I also note the distinction between matters that are reserved to Westminster and those that are devolved to the Scottish Government, and I agree that it is important to make clear in communications and reports what is reserved and what is devolved. That will certainly help to give me greater understanding as, I am sure, it will do for others who read the report.
I accept the minister’s apology for the late response to the report, and thank him and his officials for all their work since Covid-19. I am sure that they are working flat out to tackle the many issues that the pandemic has thrown at them.
Dave Stewart and Brian Whittle spoke about having a more connected HEPMA system. Dave Stewart mentioned that geographical inequalities might be addressed if we had a more connected HEPMA system, and both Dave and Brian spoke about social prescribing and mentioned our other report, which focused in more detail on social prescribing. George Adam talked about that, too.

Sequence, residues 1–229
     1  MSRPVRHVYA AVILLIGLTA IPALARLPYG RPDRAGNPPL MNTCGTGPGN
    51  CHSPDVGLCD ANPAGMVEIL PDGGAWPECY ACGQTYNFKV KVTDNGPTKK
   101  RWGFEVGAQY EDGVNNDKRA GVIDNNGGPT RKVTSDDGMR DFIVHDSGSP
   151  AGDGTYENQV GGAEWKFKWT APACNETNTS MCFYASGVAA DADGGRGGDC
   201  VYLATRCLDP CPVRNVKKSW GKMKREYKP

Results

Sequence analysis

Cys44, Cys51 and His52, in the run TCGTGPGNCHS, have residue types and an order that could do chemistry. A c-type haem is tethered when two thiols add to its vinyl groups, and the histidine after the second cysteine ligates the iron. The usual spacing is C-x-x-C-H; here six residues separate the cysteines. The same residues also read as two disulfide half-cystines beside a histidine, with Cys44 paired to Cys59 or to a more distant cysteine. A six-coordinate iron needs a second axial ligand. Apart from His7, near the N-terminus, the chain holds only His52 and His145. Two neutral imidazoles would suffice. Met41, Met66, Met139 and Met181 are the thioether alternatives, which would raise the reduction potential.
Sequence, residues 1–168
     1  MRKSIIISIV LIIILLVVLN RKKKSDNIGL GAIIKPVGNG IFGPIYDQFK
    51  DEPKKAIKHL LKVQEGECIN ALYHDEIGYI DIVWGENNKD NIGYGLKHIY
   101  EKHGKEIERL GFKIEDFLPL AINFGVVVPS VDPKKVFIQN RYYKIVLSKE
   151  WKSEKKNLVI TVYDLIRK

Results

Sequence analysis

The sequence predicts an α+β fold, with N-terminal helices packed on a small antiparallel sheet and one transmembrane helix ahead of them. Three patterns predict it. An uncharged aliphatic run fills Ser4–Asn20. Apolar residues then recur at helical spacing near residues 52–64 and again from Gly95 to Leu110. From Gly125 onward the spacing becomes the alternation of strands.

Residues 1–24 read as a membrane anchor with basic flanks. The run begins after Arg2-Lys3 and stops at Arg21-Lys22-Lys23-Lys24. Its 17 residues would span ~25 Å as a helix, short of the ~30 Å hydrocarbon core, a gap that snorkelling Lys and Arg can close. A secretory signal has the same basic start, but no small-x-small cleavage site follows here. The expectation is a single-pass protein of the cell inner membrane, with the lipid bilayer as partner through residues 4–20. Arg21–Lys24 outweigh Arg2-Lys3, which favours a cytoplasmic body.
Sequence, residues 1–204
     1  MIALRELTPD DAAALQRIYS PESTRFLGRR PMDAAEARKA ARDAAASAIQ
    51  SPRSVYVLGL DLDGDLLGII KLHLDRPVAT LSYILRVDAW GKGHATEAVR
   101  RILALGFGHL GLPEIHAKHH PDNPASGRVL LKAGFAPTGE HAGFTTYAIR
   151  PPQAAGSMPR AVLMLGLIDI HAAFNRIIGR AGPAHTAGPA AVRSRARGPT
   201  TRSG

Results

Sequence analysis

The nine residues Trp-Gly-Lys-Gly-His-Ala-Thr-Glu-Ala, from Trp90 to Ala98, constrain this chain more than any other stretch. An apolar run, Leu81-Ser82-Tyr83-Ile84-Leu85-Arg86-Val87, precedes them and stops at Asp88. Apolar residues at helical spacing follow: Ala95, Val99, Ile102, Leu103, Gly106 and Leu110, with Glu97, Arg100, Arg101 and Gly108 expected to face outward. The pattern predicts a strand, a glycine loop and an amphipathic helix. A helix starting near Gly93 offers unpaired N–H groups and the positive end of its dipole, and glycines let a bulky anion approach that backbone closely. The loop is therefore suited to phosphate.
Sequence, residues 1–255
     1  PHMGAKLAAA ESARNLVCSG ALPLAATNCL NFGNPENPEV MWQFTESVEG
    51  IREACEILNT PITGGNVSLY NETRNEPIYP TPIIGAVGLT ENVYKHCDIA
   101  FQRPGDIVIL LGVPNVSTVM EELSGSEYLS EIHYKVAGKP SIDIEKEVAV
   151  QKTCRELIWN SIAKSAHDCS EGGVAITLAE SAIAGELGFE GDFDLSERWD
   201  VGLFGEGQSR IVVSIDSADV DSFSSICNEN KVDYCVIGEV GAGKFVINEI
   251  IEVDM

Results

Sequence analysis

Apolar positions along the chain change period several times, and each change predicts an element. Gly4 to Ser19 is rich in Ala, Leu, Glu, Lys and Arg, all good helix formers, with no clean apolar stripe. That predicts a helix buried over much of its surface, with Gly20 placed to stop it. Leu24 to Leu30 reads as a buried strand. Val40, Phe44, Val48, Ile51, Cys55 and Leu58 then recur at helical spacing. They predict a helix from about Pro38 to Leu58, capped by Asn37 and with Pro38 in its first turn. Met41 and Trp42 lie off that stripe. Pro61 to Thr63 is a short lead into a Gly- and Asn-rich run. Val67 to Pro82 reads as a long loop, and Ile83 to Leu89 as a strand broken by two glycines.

Many committee members are keen that progress be made on further delivery of social-prescribing approaches. We have heard, for example, evidence on how type 2 diabetes can, through programmes of social prescribing, be mitigated to the point at which no type 2 meds are required.
Miles Briggs spoke about secondary breast cancer and access to new drugs for people who have it. I welcome his comments and his work on that in the cross-party group in the Scottish Parliament on cancer.
Donald Cameron spoke about the required improvement for IT systems—I will also speak about that—and Alex Cole-Hamilton talked about medicine prescription reviews. I want to thank Donald Cameron for taking my intervention. My point was to clarify that a lot has happened since Covid and that we know that work is already being undertaken to embed pharmacists in general practices.
In undertaking the inquiry into supply and demand for medicines, the committee anticipated exploring issues relating to the efficiency of the system and the levels of waste that are generated by it. It is a stark fact that 50 per cent of medication is not taken as prescribed.